British cyclist James Bowthorpe is currently zooming round the world trying to break the record for the fastest cycle circumnavigation: 18,000 miles in 150 days at 120 miles a day.
But we prefer to measure cycling trips in experiences rather than mileage. Somehow, yesterday, it took us seven hours to bike the 500 yards between breakfast (at the excellent Madeira cafe near Vauxhall railway station) and dinner (at the excellent German bar Zeitgeist).
If there were a cycling equivalent of air miles we wouldn't even qualify for the key ring. But it was the perfect London cycling day in many ways: cosmopolitan, quirky, cultural, sociable, with lots of interesting stuff to do and eat but with small leisurely distances in between.
We did go to other places in between, of course.
The Bicycle Belles photography 'exhibition' at Clapham Library, for example, only to find it was the size of our toilet corkboard.
A completely unsignposted secret Middle Eastern bakery in a unit in an industrial estate in Battersea: it's wholesale, but with a smile they'll sell you a huge plateful of gorgeous fresh baklava, that would be a tenner in the shops, for two quid.
A photo exhibition of East Germany pre- and post-Wall, Ortszeit, at the Goethe Institute.
A long lazy trundle round Hyde Park, home of London's boskiest postbox (above right) and the secret Victorian Pet Cemetery (right) where headstones commemorate cats and dogs and hamsters blithely called Wisp and Pluto and Sambo (and other even less politically sensitive names; it's closed but you can peek through the fence).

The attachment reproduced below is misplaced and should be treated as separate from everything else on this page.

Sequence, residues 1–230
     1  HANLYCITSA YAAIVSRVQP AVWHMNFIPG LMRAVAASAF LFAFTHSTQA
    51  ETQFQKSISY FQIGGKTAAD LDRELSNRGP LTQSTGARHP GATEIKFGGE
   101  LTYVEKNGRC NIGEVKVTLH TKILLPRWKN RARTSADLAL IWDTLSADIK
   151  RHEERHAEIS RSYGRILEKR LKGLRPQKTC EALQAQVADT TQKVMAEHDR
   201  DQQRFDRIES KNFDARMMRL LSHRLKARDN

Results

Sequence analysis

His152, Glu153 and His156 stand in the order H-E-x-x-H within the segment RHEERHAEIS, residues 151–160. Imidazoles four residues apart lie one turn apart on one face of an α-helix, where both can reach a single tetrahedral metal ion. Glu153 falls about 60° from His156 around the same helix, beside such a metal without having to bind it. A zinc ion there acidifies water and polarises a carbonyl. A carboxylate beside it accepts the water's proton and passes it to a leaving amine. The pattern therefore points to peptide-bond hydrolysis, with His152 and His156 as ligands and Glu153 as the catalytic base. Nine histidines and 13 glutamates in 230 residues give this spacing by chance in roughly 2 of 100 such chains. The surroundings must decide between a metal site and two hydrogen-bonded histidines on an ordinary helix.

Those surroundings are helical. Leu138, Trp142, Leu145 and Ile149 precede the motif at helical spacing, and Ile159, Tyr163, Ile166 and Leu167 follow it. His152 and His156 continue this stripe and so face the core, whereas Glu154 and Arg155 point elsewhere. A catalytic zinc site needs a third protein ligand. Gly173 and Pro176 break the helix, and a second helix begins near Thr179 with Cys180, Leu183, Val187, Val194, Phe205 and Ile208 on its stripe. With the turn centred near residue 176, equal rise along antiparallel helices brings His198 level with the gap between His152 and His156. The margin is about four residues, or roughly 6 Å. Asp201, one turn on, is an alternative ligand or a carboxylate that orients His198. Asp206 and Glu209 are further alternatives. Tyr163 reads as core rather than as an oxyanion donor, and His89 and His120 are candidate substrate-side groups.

And finally that German bar. Shamefully, the council provides no bike parking anywhere nearby. But this bar is a little bit of Germany in Lambeth, and they invited us to wheel our bikes through the bar to the beer garden at the back. A hearty Bavarian dinner, a pint or two of Reinheitsgebot, banter with the jokey young German professionals watching the big-screen Bundesliga. If you're interested in German football, I think the result was 2-0.
So beat that, James: Portugal for breakfast, Lebanon for lunch, Germany for dinner. And we were home by seven.
Why are cyclists one minority group the BBC feels it's OK to demonise? | Peter Walker - The BBC’s usual standards of impartiality and respect too often fall short when it comes to cyclists, as one show this week – where a pundit labelled the...
2 days ago